Where did you get the idea for this book?
In the shower. I know, weird. But I had just submitted an idea about another story to my agent that wasn’t working and I had to do major rewrites and I was stressed. I got in the shower and stood there for a long time and the ideas started coming about a boy who couldn’t feel fear. I wondered how that could work in a story and what would be the scenario/plot he’d be involved in and it just sprouted into life. I’m now a huge advocate of promoting hygiene. Showers rock!
What is your favorite scene in THE WORLD’S GREATEST ADVENTURE MACHINE?
That’s a tough one! I have so many, but I love little Cameron and I suppose
the scene where he faces the giant moose is one of my all-time favorites. I personally have issues with moose. They’re like giant, alien deer. They freak me out and I projected my fear onto the page and poor Cameron had to endure it.
What did this story teach you about writing?
That sometimes it takes major rewrites to create something special. I had to rework so much of this novel that I’m sure I lost half the hairs on my head. I also learned that the creation process may begin with one author, but there’s no way I can take all the credit. My editor, my agent, my beta readers, my family, they all played a huge role in helping the story come to life.
What has been your greatest adventure in life so far?
My kids. My life has never been the same since my family expanded. I recently took my 15-year-old driving. I might as well have been on the Adventure Machine myself. Had giant bug creatures suddenly appeared and chased us down the road, I would not have been surprised. As a parent, I want so much happiness for my kids and through them I can live on, even when my old body doesn’t want to cooperate with adventures.
What advice do you have for those chasing their own adventures?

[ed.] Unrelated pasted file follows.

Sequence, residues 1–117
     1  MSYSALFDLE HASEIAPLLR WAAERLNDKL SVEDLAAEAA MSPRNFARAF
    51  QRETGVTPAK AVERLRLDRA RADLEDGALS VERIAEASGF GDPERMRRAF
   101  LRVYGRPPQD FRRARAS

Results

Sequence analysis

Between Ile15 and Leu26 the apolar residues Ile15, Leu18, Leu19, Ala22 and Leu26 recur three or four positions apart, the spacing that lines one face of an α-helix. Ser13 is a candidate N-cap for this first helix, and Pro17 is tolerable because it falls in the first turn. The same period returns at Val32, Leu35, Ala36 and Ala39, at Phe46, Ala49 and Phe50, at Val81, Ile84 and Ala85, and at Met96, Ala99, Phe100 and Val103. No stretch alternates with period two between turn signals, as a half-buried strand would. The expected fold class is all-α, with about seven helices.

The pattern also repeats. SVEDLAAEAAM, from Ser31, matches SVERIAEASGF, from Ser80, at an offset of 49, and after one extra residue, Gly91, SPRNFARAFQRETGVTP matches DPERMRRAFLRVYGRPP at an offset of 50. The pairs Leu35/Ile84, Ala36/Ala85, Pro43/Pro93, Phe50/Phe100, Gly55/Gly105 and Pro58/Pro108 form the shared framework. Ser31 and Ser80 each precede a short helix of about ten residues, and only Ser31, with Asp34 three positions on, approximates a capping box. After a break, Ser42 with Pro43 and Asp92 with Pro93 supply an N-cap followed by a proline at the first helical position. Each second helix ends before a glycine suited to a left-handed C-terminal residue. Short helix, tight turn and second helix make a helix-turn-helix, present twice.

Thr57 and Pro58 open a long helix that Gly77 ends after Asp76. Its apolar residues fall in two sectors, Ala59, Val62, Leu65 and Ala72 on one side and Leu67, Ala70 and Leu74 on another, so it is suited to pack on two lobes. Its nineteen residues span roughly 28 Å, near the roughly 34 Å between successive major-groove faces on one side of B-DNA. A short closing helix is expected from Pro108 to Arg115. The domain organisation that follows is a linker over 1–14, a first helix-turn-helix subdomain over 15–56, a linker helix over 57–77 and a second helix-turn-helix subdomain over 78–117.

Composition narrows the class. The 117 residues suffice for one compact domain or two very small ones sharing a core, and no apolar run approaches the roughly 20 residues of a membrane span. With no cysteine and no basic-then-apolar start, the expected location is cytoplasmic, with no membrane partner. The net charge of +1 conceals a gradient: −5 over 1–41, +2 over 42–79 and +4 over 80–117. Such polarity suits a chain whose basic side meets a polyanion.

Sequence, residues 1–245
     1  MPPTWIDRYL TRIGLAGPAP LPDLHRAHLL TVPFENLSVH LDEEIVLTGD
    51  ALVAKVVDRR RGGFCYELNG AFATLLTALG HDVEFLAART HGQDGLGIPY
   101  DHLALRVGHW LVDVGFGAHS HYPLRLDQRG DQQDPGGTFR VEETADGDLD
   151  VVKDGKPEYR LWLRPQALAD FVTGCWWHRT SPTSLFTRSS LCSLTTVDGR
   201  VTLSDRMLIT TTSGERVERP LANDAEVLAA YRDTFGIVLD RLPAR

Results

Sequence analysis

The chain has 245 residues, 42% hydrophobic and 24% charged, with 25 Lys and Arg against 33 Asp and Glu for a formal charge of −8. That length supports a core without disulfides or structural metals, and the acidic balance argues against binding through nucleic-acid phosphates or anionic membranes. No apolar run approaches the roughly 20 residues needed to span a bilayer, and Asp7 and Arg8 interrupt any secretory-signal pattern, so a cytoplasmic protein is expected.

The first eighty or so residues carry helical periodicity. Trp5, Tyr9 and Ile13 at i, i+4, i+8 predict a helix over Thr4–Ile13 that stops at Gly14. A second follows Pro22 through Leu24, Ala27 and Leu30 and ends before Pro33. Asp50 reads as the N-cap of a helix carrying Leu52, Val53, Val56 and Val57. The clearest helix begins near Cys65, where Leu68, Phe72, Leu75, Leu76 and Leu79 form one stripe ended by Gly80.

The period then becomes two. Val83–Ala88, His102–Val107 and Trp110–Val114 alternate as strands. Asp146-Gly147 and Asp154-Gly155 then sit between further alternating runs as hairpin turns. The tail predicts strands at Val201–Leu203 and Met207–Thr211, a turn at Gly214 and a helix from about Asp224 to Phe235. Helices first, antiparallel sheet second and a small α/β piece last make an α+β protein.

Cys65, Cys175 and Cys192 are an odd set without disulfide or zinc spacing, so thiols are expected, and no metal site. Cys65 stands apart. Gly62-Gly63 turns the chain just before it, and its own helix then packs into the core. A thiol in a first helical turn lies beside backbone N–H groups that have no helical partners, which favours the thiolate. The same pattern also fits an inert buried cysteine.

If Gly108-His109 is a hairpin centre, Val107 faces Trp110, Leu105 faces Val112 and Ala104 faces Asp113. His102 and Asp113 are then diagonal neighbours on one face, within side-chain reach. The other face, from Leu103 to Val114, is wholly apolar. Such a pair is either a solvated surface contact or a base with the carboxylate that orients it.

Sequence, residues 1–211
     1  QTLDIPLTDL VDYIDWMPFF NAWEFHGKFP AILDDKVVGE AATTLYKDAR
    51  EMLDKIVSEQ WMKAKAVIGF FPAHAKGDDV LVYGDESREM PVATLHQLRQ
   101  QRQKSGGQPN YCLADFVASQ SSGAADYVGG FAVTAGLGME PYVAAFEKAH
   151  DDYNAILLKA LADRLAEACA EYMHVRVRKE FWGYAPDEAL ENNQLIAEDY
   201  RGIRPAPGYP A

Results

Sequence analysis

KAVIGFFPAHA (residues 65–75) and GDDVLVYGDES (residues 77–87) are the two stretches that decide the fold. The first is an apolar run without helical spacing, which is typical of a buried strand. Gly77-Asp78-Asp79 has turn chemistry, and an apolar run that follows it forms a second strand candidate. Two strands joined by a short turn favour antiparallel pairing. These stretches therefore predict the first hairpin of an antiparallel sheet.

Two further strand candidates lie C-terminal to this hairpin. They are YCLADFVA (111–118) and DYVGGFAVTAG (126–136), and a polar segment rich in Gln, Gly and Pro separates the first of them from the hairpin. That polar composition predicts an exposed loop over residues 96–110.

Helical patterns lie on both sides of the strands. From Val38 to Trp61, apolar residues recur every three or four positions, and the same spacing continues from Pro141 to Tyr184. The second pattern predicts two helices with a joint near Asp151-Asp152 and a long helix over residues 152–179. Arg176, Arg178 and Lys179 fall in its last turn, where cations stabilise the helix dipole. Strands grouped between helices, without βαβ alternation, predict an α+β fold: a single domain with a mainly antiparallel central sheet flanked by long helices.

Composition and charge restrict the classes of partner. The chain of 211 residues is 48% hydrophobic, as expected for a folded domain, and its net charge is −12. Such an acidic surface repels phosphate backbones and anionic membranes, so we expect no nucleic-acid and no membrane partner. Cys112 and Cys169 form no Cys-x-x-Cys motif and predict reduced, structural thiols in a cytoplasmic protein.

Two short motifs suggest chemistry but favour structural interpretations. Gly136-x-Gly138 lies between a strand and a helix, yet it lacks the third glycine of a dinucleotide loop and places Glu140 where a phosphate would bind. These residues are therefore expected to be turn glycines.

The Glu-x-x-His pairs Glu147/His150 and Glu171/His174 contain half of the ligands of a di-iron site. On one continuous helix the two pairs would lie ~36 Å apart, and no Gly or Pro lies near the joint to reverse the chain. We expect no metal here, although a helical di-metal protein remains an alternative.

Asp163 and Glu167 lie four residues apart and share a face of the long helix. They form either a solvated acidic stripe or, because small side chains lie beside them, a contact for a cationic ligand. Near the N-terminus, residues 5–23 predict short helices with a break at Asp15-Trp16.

Give yourself a chance to live and enjoy life, but don’t forget that friendships and family can enhance that adventure. So often we feel that to truly have an adventure we need to tackle it as a solo mission. I disagree. Just as in any of my favorite middle grade novels, the main character rarely has to go alone. That’s how it should be (in most cases) in life too.
What is your favorite thing about middle grade?
I love that age. Some of my fondest memories happened when I was 12-13 years old. Real freedom and innocence exists at that age, and I love the fact that Harry Potter starts in middle grade. You can grow with characters in a middle grade novel or series. And I’ve always felt the right middle grade story never cheapens the experience by leaving out the gritty details that are often reserved for older books, but the level of adventure and excitement can be equally as satisfying.
Can you please list your top 3 middle grade reads?
Any one of the Harry Potter novels (though the older ones are more YA), The Graveyard Book is fantastic (I think that’s middle grade), and I really enjoyed the whole Fablehaven series.
What advice do you have for anyone who wants to write middle grade?
Try to follow this basic system when creating your main middle grade character. Give them a talent (skill, attribute, ability), a weakness, a secret, a goal, and a friend. Some of these can be combined easily enough. Your main character can go through difficult scenes alone, if necessary, but it works better if the prospect of friendship exists early on in the book.